Staring From Across The Room (Mobile Viscosities)

Negotiating race, sexuality, language, decency, class, and the right to the beach, these very different bodies commingling on the beach cannot but perform constant face-work—facework with their entire bodies.
Arun Saldanha, Psychedelic White

Disabling, oppressive, dark, and cramped surroundings are more liberatory than moving about under the gaze of Dr. Flint who threatens her “at every turn.” Importantly, she claims that in the garret she is not enslaved and that her loophole of retreat is a retreat to emancipation.
Katherine McKittrick, Demonic Grounds

I look back at my notes from Simone Browne’s talk from this week, at her piecing together an archive of blackness and surveillance. She’s trying to find ways to be more complex and contradictory, to do more than announce that surveillance technologies are racist (ie. “it’s a structural problem”) as if that’s not an obvious position to take. Browne instead asks about sousveillance as self-defence, of encrypting the body, of valuing human life as more than infrastructure. She asks what happens when surveillance is transformed into a kind of caregiving and caretaking. What gets erased in our attempts at comprehension or comprehensiveness?

When Arun Saldanha describes the visual economy of Nine Bar, Primrose, and the beach, he points us not only to the constant surveillance and “face-work” done by liberation-seeking whites to stabilize a racial hierarchy, but also to the way that face-work involves the whole body. A field of constant visibility co-productive with a grid of categorization. The shadow cast over a Deleuzian optimism. When Saldanha asks what a white body can do, he answers by posing whiteness in its sheer overpowering visibility – a visibility that enables not only a thick social and spatial viscosity where whites stick together, but also a determined set of intimacies. I watch to watch with you to watch with them to watch you watching me. Or: I move to watch with you to move with them to watch you moving me. Or, again: I watch to move with you to watch with them to move you watching me. I watch to move you or move with you. I move as (or because) you’re watching me.

Manning’s dance floor is also Saldanha’s: a set of relational exchanges driven by a visual economy. Except what Saldanha spies in the shifting and supposedly liberatory white psychedelic spaces of Goa is a diagram or abstract machine that consistently reproduces segregated intimacies. Some combination of surveillance and touch shape the intimacies of our shared spaces as we cooperate together to include and exclude, to enable and eliminate. But how do we peel apart where the mobile attachments of experiment bleed into the institutions of the couple form, the family, etc.?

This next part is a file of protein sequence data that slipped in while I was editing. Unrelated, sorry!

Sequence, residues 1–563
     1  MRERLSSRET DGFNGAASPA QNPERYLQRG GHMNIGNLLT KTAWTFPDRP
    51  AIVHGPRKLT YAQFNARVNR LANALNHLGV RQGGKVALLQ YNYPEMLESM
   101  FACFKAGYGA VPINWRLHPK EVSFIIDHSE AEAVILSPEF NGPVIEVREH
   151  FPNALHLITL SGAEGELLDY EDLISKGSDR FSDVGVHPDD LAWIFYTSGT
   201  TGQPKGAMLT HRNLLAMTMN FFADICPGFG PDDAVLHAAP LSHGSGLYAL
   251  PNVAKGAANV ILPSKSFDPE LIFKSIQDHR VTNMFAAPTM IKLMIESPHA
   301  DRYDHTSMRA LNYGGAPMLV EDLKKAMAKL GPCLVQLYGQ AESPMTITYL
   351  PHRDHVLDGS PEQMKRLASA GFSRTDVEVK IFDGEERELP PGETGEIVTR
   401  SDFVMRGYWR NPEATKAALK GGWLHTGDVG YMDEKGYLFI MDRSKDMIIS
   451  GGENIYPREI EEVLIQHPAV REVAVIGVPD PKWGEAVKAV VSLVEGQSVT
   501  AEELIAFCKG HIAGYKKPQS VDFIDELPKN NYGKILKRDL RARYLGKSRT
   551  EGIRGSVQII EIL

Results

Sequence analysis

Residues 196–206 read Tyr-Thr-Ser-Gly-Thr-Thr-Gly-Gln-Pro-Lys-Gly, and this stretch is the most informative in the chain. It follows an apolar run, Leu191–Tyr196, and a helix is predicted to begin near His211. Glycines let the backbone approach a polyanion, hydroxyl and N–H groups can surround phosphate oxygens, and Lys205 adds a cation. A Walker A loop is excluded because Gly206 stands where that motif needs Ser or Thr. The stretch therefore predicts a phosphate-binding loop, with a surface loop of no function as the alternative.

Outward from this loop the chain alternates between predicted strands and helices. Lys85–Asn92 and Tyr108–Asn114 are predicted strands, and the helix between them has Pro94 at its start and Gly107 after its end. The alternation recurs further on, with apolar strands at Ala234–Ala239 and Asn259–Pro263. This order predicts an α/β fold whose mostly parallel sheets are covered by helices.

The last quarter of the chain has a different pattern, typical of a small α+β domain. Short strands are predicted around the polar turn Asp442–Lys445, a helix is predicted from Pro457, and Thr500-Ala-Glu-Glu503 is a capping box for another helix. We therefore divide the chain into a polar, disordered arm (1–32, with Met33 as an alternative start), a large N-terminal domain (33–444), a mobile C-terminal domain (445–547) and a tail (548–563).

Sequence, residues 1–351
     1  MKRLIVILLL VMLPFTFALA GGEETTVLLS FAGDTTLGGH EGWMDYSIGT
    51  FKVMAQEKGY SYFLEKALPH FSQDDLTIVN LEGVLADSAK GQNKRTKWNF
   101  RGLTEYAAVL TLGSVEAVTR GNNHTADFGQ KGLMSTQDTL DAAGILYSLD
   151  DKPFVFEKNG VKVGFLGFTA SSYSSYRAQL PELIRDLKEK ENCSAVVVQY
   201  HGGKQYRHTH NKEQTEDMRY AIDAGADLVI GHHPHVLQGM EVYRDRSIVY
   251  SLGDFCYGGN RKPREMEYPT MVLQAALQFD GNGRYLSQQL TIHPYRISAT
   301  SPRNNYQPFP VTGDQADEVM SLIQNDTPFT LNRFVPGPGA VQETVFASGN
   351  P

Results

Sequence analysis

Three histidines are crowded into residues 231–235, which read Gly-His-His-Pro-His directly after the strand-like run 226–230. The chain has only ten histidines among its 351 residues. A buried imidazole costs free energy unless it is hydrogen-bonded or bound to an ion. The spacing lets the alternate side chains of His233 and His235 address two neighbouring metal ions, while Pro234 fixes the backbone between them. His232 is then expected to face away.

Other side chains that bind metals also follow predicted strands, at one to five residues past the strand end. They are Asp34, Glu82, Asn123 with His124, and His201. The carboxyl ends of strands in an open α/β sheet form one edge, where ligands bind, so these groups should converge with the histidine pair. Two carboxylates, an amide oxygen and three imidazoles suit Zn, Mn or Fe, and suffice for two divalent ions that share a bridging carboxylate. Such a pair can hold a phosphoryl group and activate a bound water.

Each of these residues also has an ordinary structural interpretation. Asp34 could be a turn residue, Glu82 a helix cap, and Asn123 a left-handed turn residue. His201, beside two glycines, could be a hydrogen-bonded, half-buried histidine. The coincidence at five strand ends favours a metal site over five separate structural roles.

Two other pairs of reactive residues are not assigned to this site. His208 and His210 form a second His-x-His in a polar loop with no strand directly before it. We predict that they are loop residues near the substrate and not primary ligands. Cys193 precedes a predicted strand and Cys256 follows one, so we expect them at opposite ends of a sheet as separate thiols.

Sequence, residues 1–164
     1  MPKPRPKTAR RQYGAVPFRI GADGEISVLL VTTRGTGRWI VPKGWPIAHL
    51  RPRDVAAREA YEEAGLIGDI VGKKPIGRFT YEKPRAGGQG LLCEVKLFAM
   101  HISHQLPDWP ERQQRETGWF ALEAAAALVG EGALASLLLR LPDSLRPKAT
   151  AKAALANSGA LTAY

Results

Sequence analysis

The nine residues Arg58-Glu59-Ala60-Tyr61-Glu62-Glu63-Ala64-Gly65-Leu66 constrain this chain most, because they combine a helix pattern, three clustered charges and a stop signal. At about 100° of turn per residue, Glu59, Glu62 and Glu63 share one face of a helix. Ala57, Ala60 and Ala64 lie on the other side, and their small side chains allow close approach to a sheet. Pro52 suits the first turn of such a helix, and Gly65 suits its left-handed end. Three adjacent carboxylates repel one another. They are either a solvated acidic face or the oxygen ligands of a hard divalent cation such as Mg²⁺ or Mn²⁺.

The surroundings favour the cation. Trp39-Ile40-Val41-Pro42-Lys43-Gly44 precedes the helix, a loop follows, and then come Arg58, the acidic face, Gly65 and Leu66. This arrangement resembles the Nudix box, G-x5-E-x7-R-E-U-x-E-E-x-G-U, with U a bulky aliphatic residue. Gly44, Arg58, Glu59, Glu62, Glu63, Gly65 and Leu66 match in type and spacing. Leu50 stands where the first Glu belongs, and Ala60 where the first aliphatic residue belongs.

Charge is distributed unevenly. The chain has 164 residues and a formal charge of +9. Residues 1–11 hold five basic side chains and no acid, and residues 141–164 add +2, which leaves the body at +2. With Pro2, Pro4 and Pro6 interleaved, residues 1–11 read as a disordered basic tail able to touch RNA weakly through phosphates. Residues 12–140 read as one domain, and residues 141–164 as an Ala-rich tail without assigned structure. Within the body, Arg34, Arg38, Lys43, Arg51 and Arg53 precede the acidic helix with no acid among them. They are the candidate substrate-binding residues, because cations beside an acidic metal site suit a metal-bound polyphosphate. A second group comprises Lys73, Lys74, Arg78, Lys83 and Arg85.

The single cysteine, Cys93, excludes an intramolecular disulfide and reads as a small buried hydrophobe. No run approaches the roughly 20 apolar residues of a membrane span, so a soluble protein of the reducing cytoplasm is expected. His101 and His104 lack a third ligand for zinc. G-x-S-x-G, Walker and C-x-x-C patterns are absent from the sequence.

Surveillance, of course, shifts with racialization and, as a white man, the dialectic of visibility and invisibility pitches and shifts in the ways Saldanha identifies. The visibility of whiteness not only enables powerful spatial viscosities, but also grants a kind of anonymity. What’s clear is that cutting across the dynamics of racialization is a dialectic of visibility and obscurity. Neither being seen or not being seen is automatically good or bad. Instead, the visual economies that shape space as it emerges also shape our intimacies as we cooperate to put one another in place. Katherine McKittrick identifies this dialectic in her reading of Harriett Jacobs. Linda Brent, finding a paradoxical sense of freedom garretting herself in her grandmother’s attic.

McKittrick rightly insists that “[t]he question of [Brent’s] geographic freedom is wrapped up in the racial, sexual, and bodily constraints before and during her retreat to the attic” (40) – a field of articulatory pressures that put Brent in place in a way determined by her “see-able body scale.” Brent takes up the bodylessness of the geographic eye, able to see everything, but only by taking herself out of the grasp of the streetscape and the antiblack weather that organizes it.

Freedom is a tough thing to define in its relativity, but could it be a key to thinking more about the relationship not only between tact and touch, but to think through a similar analogical relationship between surveillance and the refusal of surveillance (or is it the refusal to surveil). If tact is tied to touch in a complicated way, what is similarly tied to surveillance? Spying through her peephole, Brent finds a freedom from surveillance even as she finds a freedom to surveil, but only by positioning herself “across” (rather than inside/outside) slavery – a strange kind of spectral immanence.

In their desire to transcend, Saldanha’s psychedelic freaks can only produce a sticky material immanence across the field of Goa that expels non-white participants (or transforms their facializing categories to account for race in a tokenizing way), finding a freedom to be surveilled (as long as there’s no pictures) that creates a different kind of white supremacist weather, but one no less based on a combination of visual economy and material rhythm.